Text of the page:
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How to fly under the radar in comfort and safety in a collapsing city


Alexander Parker is a journalist and consultant. His work has appeared regularly in a number of South African newspapers and magazines. He is the author of ‘25 Cars to Drive Before You Die’ and his latest book, 50 People Who F**ked Up South Africa: The Lost Decade, is in bookshops now.

There’s a good deal of relief in just giving up. Certainly, it’s easier to understand and accept what cannot be changed, and to operate within this constraint.

First published in the Daily Maverick 168 weekly newspaper.

I remember giving up on hope for Zimbabwe during the Mbeki era. I gave up on peace in Israel and Palestine years ago. I gave up on Northern Ireland too, and then came the Good Friday Agreement and those who had held on to their hope prevailed. They were better people than me, and I felt a strange sense of guilt about giving up on peace there.

Here at home, there are precious few reasons for hope. In light of everything that we can see, it seems that the future is pretty much knowable. The collapse of Johannesburg’s water, electricity, fire, health and transport infrastructure was predicted. Nobody has done anything about it.

The economic capital of the country is following the course set by municipalities run by the ANC where the big media houses don’t have reporters. So, it may be a shock for urban and suburban Joburgers to have to contend – as a forever scenario – with life without running water, electricity, fire trucks, oncology, sanitation in hospitals and security, but it’s been a fact of life elsewhere for years.

Joburg will now need to contemplate its long-term future as a city of ever more gaping inequality. Some wealthy residents will take themselves off-grid with solar as a rather expensive screw-you to Eskom and the city. Others will simply install battery storage to cover their homes when the power goes out.

It will remain a city of dark, unsanitary and dangerous settlements, as well as of Tesla Powerwalls, private security, electric fences and glorious homes with pumping fibre.

So, what to drive in the ANC’s Johannesburg? When I last spent some time in the city I was working for a German car company. Regularly landing on the last flight in on a Sunday, I would scuttle nervously across the airport to find my car, a BMW M140i, which I had chosen specifically for this 10.30pm hell run from OR Tambo to the suburbs. I wanted something small, reasonably unostentatious and very fast indeed. The M140i was perfect. Anyone keeping up with me had malevolent intent and was a reasonably talented driver. It was that simple.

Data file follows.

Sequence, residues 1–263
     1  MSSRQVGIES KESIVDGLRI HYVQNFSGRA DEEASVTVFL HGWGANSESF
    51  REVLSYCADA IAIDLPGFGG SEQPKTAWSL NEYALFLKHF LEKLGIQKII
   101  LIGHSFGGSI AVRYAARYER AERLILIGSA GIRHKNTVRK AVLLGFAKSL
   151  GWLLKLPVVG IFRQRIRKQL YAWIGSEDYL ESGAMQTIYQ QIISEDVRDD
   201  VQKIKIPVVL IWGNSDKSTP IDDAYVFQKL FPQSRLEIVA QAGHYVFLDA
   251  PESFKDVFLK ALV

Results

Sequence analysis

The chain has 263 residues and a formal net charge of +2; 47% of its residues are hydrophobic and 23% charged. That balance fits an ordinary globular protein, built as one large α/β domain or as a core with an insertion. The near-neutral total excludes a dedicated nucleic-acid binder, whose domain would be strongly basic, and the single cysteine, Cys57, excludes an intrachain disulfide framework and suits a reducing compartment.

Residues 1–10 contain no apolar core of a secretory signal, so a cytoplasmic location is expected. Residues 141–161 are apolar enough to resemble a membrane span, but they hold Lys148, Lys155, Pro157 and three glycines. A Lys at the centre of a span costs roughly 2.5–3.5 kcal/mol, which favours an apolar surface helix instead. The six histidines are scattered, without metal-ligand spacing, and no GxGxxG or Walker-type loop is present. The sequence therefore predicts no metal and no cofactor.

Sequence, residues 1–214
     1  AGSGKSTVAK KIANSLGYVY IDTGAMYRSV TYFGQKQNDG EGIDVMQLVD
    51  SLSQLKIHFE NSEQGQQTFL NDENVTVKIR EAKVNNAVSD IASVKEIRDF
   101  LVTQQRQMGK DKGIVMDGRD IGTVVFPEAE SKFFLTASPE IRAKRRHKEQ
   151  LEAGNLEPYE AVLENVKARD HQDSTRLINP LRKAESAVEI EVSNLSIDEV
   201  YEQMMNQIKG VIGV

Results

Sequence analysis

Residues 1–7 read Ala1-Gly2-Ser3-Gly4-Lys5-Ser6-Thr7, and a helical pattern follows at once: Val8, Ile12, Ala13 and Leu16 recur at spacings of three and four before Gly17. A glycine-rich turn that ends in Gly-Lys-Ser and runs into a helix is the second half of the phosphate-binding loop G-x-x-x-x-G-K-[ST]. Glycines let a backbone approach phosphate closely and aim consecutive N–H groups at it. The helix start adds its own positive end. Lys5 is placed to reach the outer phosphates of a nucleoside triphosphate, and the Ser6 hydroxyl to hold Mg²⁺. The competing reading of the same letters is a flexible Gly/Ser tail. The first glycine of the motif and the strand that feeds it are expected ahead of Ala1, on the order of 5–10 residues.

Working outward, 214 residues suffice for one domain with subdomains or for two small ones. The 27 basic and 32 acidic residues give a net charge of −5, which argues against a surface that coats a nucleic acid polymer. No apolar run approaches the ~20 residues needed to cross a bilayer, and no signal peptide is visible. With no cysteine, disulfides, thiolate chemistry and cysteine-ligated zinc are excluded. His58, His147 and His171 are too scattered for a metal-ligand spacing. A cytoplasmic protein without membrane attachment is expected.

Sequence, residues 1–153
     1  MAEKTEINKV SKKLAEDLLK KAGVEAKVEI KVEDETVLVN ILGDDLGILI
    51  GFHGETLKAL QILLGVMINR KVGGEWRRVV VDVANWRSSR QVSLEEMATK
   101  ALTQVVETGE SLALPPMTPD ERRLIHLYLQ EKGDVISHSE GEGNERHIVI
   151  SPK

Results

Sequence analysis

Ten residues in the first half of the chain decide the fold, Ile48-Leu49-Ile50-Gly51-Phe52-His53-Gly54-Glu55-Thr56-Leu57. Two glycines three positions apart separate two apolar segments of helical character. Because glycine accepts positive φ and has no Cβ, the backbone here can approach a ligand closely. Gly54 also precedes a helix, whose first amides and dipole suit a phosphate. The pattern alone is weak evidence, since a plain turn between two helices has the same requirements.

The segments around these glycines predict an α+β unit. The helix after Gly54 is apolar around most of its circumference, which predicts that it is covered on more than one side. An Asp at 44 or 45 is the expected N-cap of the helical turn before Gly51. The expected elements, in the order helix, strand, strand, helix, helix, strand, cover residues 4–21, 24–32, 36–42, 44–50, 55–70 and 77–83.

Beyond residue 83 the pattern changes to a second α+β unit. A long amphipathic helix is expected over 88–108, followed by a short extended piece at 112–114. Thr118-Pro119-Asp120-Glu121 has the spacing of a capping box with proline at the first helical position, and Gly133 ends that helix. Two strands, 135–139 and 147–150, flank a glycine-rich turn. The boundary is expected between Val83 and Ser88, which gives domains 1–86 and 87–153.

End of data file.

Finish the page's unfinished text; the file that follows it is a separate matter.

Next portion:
Of late, though, I’ve been wondering how much I really want to stand out. Recently, here in Cape Town, I’ve had some pretty nice stuff in the driveway, all fake SUVs of course. The Jaguar ePace was really rather special, but it did attract a lot of attention. I’ve driven the new Peugeot 2008, yet another brilliant car from the under-appreciated Frenchies, but – again – quite snazzy. I’ve had a go in a very pleasant Volkswagen T-Roc – a smooth piece of kit if ever there was one.

And, then, I drove a CVT gearbox-equipped Toyota Corolla Quest. Nobody noticed me as I took the kids to their private school, or when I turned off into our street of character cottages. One night, we drove to Observatory for a regular pilgrimage to Pancho’’s, the Mexican restaurant that’s been there forever.

As we drove down Lower Main Road, the power went out and crowds of drunk and mightily pissed-off people left the bars and fell into the dark street.

There I was, in my “Uber”, completely and utterly anonymous. We quietly turned around and went home, grateful that we’d brought the Quest, and not the Jaguar, that evening.

So, it makes me think. How, in 2021, do you fly under the radar in comfort and safety?  Perhaps a Corolla Quest is a tad too utilitarian for you, but obviously a German car is out of the question. So what about a Corolla? That’s a fine car nobody will ever notice.

Same goes for a Honda Civic sedan or a Mazda 3 sedan, or a Subaru Impreza. Fine cars, every one of them, and better to drive than any hopped-up non-SUV.

These cars are the solution to dark streets, non-functional traffic lights and the need to remain invisible. They are the wallpaper paste between the bedecked and bejazzled SUVs. In this day and age that’s quite a nice place to be.

Just one note of caution, though. When Digital Vibes bought Zweli Mkhize’s son a car, they opted for a 70-series Toyota Land Cruiser bakkie, probably the toughest car you can buy. It worries me that the Minister Without A Job But Still With Perks has seen what’s happened to the roads budget. It certainly didn’t look like a product choice upon which we could pin any hope. DM168

This story first appeared in our weekly Daily Maverick 168 newspaper which is available for free to Pick n Pay Smart Shoppers at these Pick n Pay stores.


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All Comments 4

  • trouble is – too many people drive the same under-the-radar vehicle, so the demand for don’t-ask-where-it-came-from spares is high!

  • The answer is in the old classic cars that have not taken off in value – like say a 1988 Daimler Double Six, or an early 21st century Jeep V8. No-one will steal it, no one will hijack it and no-one wants the spares – not quite invisible and thirsty, but reliable and capable of handling broken roads.

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